It was represented to you that you have an option to renew.
There is a specific clause in your lease that spells out details of that option to renew.
However, can that clause effectively achieve what you intend it to?
Let me provide an example where it does not
This wording may appear reasonable to the average tenant.
“Provided the Tenant is not in default in the payment of the rent or in the performance or observance of any other covenant, obligation or agreement herein contained at the time of giving notice of renewal and at the end of the Lease Term the Tenant shall have the right, by written notice given to the Landlord not less than 180 days prior to the expiration of the Term, to renew this Lease for a period of five years. Said renewal period(s) shall be subject to the same terms and conditions as contained in the Lease except for rent, which shall be negotiated, and any inducements and there shall be no further right of renewal. In no event shall the rent payable during the renewal period(s) be less than the rent payable during the immediately preceding period. The parties shall execute and deliver a further lease or modification and extension of the Lease as the Landlord deems appropriate in the circumstances of such renewal(s).”
A tenant may believe they’re covered, but they’re not, and here’s why.
A dispute mechanism required
What happens if your landlord sincerely believes the space is worth 25 per cent more than what you’re currently paying?
Are there any recent comparable lease deals that you’ve heard about have been far less than that?
You’re essentially at the mercy of the landlord. Why you ask?
Because your option to renew clause did not include a dispute mechanism which would have been worded something like this:
“The rent for the renewal period(s) shall be equal to the fair market rent anticipated to be in effect by the commencement of the renewal period(s) for space of comparable size, quality and location, as agreed between the Landlord and the Tenant. In the event the parties are unable to agree, the fair market rent shall be established by arbitration in accordance with the provisions of The Arbitration Act, 1992 (Saskatchewan) or subsequent legislation). Notwithstanding anything else contained herein, if the amount of rent is not agreed upon, then the arbitration process shall be commenced no later than three (3) months prior to the first day of the renewal term(s) with mandatory completion no later than one (1) month prior to the first day of the renewal period(s).”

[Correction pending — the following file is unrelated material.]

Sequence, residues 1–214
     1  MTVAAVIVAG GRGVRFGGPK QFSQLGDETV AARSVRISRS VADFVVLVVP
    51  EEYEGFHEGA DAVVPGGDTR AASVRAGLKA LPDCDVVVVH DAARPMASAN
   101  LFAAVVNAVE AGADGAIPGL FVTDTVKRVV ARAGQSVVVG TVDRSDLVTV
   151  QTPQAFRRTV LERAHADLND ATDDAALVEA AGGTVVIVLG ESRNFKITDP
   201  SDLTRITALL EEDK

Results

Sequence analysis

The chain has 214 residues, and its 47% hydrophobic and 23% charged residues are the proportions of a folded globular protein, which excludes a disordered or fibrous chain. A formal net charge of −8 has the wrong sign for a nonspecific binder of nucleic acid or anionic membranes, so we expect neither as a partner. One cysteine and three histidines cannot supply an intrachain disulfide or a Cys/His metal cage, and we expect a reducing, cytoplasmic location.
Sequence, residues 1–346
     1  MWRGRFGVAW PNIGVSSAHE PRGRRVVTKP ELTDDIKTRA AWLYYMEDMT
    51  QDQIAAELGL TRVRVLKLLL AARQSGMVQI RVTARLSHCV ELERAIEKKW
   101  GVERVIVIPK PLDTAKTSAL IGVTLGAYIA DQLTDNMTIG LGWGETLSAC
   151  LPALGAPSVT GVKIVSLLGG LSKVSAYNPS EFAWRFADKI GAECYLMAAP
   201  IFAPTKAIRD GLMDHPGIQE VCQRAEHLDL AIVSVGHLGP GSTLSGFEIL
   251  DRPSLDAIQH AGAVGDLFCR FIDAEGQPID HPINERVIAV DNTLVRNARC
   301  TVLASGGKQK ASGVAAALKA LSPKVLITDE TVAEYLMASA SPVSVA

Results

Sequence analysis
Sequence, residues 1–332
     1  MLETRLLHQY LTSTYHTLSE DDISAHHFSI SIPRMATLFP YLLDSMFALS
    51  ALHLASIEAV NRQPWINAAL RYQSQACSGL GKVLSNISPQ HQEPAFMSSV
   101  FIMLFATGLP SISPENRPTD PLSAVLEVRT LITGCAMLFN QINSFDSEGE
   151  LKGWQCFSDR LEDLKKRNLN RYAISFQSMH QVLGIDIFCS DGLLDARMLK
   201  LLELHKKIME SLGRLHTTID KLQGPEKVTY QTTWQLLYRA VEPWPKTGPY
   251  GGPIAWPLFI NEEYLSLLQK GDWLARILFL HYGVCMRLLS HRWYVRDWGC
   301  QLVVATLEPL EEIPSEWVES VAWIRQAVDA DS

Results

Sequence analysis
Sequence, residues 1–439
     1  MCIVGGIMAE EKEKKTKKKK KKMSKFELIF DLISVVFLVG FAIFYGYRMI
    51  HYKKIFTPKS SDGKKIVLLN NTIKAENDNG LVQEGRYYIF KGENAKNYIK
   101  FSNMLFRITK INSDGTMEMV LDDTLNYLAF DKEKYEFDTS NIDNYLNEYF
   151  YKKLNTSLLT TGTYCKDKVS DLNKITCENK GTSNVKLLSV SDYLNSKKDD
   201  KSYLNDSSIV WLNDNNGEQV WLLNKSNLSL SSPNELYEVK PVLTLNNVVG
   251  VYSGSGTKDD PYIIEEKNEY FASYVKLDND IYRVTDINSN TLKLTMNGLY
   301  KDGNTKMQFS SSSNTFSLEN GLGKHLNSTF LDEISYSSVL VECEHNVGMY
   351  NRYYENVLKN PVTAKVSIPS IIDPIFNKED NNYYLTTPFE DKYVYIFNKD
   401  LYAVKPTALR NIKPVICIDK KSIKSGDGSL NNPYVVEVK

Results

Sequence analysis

That properly worded arbitration remedy is the key to solidifying your option.
Why the game?
Without an arbitration clause, your landlord could ask for twice as much rent without recourse by the tenant.
There are instances where the Landlord may want the tenant to vacate.
Maybe there’s a more desirable tenant who wants to take over the space.
There could be an adjacent tenant who is likely to vacate unless they can expand into the subject rental unit.
It’s easy to come up with three or four other reasons for the landlord to play that game.
The arbitration clause allows a third party removed from the transaction to fairly assess the market value.
It puts the landlord and tenant on a level playing field.
Moral of the story
Many believe they can save money by not paying for representation in a lease negotiation.
What if the tenant in the above example was forced to relocate a successful business to an inferior location, whose success was based on the high traffic volume of its existing location?
This is just one of many examples where engaging a professional can literally save tens of thousands of dollars.
There are many important steps to renewing your lease, you don’t want to miss any step along the way that may compromise securing renewal.
Posted by Barry Stuart